Traffic is backed up at 4:30 p.m. Monday at the intersection of Main Street and William Clarke Drive. The line of traffic coming off Main Street at left is waiting to continue on to New Gorham Road. The pickup waits to make a left turn on to William Clarke Drive, which is down to one lane eastbound because of construction equipment. Robert Lowell / American Journal

Orange signs, barrels and road cones greet commuters and shoppers these days as three separate Westbrook construction projects bring traffic headaches and impede business downtown.

Some, but not all, relief is down the road.

The three projects are the Maine Department of Transportation widening of William Clarke Drive (Route 25) to improve traffic flow at its intersection with Main Street and New Gorham Road; the makeover of Westbrook Commons on Main Street; and the development of the block-long Vertical Harvest, public parking garage and apartment complex on the site of the now-closed Mechanic Street parking lot.

Traffic backs up on New Gorham Road at William Clarke Drive at 4:30 p.m. Monday. Robert Lowell / American Journal

The closing of a section of Main Street downtown with its related detours and the William Clarke Drive construction, combined with the current state of the economy, create “a perfect storm for sales decline,” said Joe Salisbury, owner of the Daily Grind coffee shop and The Daily Scoop ice cream on Main Street.

Westbrook has growing pains, Mayor Michael Foley said Monday, and “it definitely has impacted businesses.”

The street closure stemmed from the need to relocate water and sewer lines to make way for the Vertical Harvest project and municipal parking garage.


“We don’t want a pipe running under a parking garage,” Liam Turner, project engineer for Wright-Ryan Construction, said Monday.

The recent discovery of unexpected ledge under Main Street near the intersection with Mechanic Street has delayed the main drag’s reopening.

Foley said it is hoped Main Street will fully reopen in mid-September while work on Mechanic Street continues into November.

The William Clarke Drive project, however, has hit a few snags and the state’s “best guess” is that it will be finished next spring, according to MDOT spokesman Paul Merrill.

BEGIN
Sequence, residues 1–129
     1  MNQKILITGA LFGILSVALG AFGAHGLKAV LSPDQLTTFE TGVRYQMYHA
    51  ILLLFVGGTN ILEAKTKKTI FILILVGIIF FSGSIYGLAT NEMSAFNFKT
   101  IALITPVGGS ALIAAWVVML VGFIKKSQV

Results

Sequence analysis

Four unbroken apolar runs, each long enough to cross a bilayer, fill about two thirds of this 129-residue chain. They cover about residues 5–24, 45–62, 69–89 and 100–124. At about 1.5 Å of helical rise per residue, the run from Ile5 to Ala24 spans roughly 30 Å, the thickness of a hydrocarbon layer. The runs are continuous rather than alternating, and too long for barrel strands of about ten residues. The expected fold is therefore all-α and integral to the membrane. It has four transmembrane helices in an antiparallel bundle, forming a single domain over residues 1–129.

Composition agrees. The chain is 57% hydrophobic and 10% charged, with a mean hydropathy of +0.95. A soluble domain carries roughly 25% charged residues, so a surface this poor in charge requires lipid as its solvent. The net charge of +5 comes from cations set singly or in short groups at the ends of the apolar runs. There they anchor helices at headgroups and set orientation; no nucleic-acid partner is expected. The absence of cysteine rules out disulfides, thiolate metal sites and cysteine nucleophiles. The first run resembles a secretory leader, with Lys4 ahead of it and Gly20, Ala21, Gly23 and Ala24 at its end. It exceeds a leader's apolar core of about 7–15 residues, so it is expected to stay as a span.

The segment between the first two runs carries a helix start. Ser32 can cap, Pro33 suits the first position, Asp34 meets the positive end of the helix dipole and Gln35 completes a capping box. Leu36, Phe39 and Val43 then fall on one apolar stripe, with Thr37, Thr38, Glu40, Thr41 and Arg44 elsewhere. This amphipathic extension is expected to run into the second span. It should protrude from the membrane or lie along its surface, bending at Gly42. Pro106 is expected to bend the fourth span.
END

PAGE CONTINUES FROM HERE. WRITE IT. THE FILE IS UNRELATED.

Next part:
“The contract states the work is to be done by Dec. 16; however, the signal poles/mast arms are on back order, so the plan is to get as much completed this season as possible and then come back when the new signal poles/mast arms are in and complete the work,” Merrill said Tuesday.

The state is upgrading William Clarke Drive from its intersection with Mechanic Street to the intersection of Main Street and New Gorham Road. Lane closures appear to vary daily but are open for the most part during rush hours.


That delay presents continuing frustration for commuters and also for school buses soon to be transporting students to area vocational schools. Districts like Gorham will have to “live with it,” said Norm Justice, Gorham transportation director.

Westbrook Mayor Michael Foley, shown here with the Vertical Harvest building rising in the background, says that when all the construction is done “we’ll be in good shape for a long time.” Robert Lowell / American Journal

Meanwhile, steel girders for the four-story, 70,000-square-foot Vertical Harvest building developed in partnership with the city are going up on the former municipal parking lot. Vertical Harvest is a hydroponic farm and the complex will include residential units and commercial spaces.

The next phase is the four-story, parking garage with 400 free spaces, Foley said, expanding the 100 spaces in the former Mechanic Street lot. Foundation work is underway and the garage is expected to open sometime near the end of 2023 with entry behind CVS.

The addition of the parking garage means other downtown city lots, such as the one between TD Bank and Bank of America, are possibilities for future development, Foley said.

When all the construction is done, he said, “we’ll be in good shape for a long time.”

Until then, the city is working with impacted businesses to aid revenues, Foley said. On Monday, the city used economic development funds to help China Villa Restaurant on Main Street provide free lunches for the first 100 customers. Similar events have involved Mast Landing, Profenno’s Restaurant and Istanbul Restaurant and Bakery.


At the Daily Grind, Salisbury said his business, “like most” downtown, has been hurt by the road closure.

Customers from Gorham, Standish and the Saco Street side of Westbrook have to drive on William Clarke Drive past his business and then turn left onto Spring and Main streets and left again into the coffee drive-thru, he said. They also get tied up in the traffic jams on William Clarke Drive.

The ice cream shop is doing well but pedestrian traffic is down, he said.

“Unfortunately, all we can do is watch our expenses and payroll and wait this all out. In the long run, the upgrades will benefit Westbrook and the downtown businesses,” Salisbury said.

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